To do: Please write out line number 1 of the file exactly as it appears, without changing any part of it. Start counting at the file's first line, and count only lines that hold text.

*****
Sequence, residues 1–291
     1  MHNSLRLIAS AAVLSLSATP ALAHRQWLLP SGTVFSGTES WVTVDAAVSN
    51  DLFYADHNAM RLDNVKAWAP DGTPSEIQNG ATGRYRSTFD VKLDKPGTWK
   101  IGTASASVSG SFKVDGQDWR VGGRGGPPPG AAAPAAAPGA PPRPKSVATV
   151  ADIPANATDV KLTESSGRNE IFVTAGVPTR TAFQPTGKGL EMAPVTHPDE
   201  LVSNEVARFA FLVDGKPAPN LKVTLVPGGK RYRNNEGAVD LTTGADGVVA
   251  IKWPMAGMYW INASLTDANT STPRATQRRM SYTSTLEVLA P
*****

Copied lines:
Sequence, residues 1–291